Restrictive Practices

The Restrictive Practices policy is not in force and the following content is subject to change.

On 24 April 2023, the Secretary announced the Restrictive Practices policy will now become fully operational from Day 1, Term 1, 2025, instead of the start of 2024.

This means that schools do not need to undertake further familiarisation activities for the remainder of the year. Implementation of the policy will recommence in 2024.

The department will continue to collaborate with our partners and stakeholders throughout 2023, to make sure the guidance around restrictive practices will support our schools to continue keeping students and staff safe.

The department remains deeply committed to the national goal to reduce and eliminate the unnecessary or inappropriate use of restrictive practices in our schools, wherever possible. An updated implementation roadmap will be released later this year and we will keep schools updated on any changes.

Until then, we ask schools show their usual care by continuing to:

  • ensure that prohibited practices are not used. These are practices that are already not allowed under existing policy and legislative obligations.
  • act in line with duty of care to keep students and staff safe.
  • undertake planning to meet the individual health, safety and wellbeing needs of students, and consult with parents/carers wherever possible.
  • follow existing health care procedures when planning to use prescribed medications during school hours.
  • follow existing departmental policies when responding to incidents that impact the health, safety and/or wellbeing of students and staff.

A restrictive practice is any action that has the effect of restricting the rights or freedom of movement of a person, with the primary purpose of protecting the person or others from harm.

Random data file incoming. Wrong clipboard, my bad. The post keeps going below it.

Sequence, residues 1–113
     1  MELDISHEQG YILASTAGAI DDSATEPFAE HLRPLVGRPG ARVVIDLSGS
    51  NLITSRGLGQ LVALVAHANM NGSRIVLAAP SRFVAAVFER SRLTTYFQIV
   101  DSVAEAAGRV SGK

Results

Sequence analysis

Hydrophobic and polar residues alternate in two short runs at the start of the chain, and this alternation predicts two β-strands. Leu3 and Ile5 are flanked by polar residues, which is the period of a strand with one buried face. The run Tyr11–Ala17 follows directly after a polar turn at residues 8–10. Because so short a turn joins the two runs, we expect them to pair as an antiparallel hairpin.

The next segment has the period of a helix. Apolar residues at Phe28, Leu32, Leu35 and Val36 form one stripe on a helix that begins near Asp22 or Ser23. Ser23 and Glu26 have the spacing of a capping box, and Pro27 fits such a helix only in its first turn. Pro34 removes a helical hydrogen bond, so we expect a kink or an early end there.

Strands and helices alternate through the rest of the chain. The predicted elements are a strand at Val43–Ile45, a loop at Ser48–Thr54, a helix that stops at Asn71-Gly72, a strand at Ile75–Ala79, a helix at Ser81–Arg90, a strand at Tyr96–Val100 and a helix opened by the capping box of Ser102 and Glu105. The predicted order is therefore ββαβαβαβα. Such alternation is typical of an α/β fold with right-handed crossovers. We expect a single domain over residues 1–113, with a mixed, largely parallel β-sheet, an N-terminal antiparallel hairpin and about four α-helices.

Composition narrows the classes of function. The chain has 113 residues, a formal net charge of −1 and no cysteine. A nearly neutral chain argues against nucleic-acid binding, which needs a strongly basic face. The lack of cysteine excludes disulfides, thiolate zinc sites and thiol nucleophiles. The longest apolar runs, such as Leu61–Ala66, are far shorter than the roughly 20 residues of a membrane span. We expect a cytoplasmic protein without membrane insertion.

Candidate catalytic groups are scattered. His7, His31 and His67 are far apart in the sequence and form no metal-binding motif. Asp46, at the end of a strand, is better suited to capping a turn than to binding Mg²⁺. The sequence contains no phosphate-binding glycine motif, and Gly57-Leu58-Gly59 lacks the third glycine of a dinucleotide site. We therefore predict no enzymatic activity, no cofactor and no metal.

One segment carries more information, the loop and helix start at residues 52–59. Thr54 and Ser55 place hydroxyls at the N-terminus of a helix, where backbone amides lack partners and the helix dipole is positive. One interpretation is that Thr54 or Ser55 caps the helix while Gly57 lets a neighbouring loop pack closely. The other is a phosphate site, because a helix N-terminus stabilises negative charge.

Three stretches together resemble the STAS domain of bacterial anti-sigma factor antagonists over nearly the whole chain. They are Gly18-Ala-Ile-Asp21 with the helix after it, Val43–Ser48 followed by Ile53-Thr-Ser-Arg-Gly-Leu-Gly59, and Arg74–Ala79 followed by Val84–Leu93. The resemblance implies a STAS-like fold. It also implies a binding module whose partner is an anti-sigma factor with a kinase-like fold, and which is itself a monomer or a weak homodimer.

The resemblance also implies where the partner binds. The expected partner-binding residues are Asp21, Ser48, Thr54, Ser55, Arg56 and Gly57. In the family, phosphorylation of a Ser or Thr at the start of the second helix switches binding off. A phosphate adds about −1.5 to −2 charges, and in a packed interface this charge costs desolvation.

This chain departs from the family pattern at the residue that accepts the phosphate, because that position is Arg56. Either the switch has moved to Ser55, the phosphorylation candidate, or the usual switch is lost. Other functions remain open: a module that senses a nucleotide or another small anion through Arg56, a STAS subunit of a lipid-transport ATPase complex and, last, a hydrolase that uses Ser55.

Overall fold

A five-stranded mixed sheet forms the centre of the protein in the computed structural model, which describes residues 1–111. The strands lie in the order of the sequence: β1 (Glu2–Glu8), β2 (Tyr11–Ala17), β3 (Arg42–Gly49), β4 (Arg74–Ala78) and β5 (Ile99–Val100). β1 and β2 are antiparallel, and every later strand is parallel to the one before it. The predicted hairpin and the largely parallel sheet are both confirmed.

Students may need different types of intervention or support to best meet their needs. This may also include the use of restrictive practices, however, when this is discussed and a plan is agreed in advance, the rights, safety and freedom of students is protected, as well as the safety of staff and other students.

Safety and respect

The safety of every child and young person in our schools is our top priority. When a student feels safe they are free to achieve the most out of life at school.

Ensuring the safety of every student, teacher and staff while respecting the rights or freedom of movement of students requires a balanced approach that is supported by the Restrictive Practices Framework and Restrictive Practices Reduction and Elimination Policy, as well as Restrictive Practices Planning Procedures.

The informed and principle-based use of restrictive practices means that restrictive practices are used safely and effectively, and it is clear which practices are never permitted in our schools.

The NSW Government has committed to the national goal of reducing and eliminating the use of restrictive practices. This includes making it clear that some prohibitive practices should never be used with students.

Introducing the new Restrictive Practices Policy, Framework and Procedures

Voice over

The NSW Government is committed to protecting the rights, safety and freedom of children and young people. 

We are working towards reducing and eliminating restrictive practices in public schools and government pre-schools. 

A restrictive practice is any action that has the effect of restricting the rights or freedom of movement of a person, with the primary purpose of protecting the person or others from harm.